And their obsession blinds us all. Where are MESA’s many statements of outrage about the region for which it claims dedication? Although the loss of the 250 Palestinian and Jewish lives is a tragedy, there are incomparably more dead Christians, Yazidis, and Muslims of all kinds, throughout the region of MESA’s alleged expertise. Instead, MESA’s obsession with Israel suffocates and distorts our knowledge and understanding of the forces at work in this crucial area of the globe.

MESA, whose 2,700-plus members teach in departments of Middle East studies throughout the world, has recently dropped its original designation as a “non-political learned society,” transforming itself into a hotbed of anti-Israel invective. So deep has this Israel-obsession colonized their collective mind, that the association seems oblivious to the possibility that its recent endorsement of the BDS campaign, and attendant efforts to obstruct the containment of resurgent antisemitism on US campuses, are crossing the thin line between “normal” Israel-bashing and classical, obsessive Jew baiting.

SPME supports vigorous debate and dialogue about contentious issues, one of which is certainly the Middle East and Israel’s conflict with her neighbors, in particular. But academic inquiry must be informed by the airing of both a wide range of evidence, and open discussion of disparate views and perspectives within a framework of rigorous scholarship. None of this appears in this MESA “scholars’” statement. The academy cannot, and should not, accommodate such undermining of intellectual integrity for the sake of advocating hate. When weaponized ideology, bias, and advocacy take over the classroom, it degrades teaching and victimizes students.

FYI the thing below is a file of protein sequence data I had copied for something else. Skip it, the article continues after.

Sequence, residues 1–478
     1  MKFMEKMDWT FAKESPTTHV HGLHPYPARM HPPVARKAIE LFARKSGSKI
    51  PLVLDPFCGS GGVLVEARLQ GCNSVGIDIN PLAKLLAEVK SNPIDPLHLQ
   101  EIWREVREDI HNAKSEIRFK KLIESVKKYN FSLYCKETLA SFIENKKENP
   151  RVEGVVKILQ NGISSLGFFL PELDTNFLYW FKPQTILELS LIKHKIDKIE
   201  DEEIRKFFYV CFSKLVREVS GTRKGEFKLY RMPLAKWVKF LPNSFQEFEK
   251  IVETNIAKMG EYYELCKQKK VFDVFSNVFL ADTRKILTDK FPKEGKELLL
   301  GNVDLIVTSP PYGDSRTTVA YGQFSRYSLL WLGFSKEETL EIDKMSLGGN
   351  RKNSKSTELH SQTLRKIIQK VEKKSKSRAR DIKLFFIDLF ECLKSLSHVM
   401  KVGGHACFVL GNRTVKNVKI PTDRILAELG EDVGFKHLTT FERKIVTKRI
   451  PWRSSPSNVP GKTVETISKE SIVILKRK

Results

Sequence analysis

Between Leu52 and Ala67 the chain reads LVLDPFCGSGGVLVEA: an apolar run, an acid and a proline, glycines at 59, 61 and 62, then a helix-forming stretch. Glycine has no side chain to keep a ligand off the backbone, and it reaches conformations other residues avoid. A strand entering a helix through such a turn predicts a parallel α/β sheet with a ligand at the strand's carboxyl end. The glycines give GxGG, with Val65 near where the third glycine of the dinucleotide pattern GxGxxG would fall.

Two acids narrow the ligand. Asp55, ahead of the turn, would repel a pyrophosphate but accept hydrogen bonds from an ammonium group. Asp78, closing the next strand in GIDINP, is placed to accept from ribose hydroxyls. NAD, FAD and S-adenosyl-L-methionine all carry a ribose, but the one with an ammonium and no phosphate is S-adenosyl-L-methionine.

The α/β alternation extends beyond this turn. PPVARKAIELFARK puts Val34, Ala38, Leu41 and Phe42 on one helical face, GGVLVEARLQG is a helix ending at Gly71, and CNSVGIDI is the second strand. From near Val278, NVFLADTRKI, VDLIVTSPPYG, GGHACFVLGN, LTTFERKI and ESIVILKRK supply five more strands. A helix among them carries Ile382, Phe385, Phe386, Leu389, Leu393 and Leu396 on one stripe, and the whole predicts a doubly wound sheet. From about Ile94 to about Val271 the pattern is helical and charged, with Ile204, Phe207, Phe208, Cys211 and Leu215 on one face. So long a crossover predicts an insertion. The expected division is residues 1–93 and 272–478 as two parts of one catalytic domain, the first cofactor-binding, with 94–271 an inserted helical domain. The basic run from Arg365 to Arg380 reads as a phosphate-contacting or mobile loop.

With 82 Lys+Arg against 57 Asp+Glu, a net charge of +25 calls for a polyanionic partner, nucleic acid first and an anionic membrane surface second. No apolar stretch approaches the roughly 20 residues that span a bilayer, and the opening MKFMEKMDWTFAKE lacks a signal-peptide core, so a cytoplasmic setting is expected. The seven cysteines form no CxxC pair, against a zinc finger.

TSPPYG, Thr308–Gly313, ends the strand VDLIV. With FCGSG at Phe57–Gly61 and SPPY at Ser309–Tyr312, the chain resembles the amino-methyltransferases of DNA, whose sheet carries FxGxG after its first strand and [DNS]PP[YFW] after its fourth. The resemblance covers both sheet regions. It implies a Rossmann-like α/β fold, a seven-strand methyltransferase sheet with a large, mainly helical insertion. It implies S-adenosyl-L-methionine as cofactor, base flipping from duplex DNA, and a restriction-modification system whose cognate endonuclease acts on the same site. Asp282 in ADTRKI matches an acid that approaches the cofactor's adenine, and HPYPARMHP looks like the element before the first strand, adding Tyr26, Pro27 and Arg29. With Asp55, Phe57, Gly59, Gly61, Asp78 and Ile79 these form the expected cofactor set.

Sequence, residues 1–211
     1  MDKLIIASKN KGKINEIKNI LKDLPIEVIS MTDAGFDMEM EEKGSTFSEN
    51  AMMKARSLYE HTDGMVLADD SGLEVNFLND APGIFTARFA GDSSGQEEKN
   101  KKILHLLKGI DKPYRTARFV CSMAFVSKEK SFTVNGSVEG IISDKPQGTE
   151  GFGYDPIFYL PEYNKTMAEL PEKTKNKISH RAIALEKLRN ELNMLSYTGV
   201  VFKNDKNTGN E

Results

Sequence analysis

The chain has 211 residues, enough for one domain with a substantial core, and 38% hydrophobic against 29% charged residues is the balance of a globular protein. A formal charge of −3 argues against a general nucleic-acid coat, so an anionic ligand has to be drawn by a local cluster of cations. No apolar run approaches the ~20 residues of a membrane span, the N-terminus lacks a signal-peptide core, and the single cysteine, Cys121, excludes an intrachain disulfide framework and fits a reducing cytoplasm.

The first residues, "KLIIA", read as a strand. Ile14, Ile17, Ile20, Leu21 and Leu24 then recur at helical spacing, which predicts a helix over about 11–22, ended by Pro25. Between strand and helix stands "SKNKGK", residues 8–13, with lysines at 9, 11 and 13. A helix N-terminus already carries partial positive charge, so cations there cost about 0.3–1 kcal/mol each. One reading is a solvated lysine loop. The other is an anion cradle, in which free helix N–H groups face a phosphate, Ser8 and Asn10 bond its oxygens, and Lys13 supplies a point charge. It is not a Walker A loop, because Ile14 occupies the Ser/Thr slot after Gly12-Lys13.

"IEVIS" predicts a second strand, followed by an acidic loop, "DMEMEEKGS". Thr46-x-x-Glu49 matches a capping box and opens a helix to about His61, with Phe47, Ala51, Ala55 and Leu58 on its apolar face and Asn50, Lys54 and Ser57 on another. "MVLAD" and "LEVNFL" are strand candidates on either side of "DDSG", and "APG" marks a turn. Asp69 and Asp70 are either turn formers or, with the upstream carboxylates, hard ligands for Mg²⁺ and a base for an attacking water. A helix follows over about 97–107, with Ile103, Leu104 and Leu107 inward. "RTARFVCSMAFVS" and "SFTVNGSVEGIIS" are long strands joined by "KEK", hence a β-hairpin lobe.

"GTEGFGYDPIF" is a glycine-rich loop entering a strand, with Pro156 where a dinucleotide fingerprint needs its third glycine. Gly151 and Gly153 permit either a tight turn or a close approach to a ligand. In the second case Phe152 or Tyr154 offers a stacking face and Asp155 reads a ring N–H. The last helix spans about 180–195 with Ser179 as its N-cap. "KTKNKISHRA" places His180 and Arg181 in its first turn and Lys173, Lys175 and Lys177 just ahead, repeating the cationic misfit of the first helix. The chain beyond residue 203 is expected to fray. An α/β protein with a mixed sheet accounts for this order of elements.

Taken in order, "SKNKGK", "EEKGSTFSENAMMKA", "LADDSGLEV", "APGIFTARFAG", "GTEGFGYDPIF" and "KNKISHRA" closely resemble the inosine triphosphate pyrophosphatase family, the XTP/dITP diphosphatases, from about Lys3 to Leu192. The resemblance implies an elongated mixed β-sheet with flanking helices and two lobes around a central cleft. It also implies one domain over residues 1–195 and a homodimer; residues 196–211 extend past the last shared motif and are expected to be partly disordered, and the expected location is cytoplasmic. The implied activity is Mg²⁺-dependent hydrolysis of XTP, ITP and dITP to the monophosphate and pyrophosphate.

We call on those remaining scholars in MESA to demand that their association revert to its original mission to “foster the study of the Middle East, promote high standards of scholarship and teaching, and encourage public understanding of the region and its peoples” rather than obsess over Israel and Jews, even as they exclude her voice, and thereby serve as a propaganda outlet for the voices of violence, murder, and destruction in the Middle East.

The author is the Executive Director of SPME.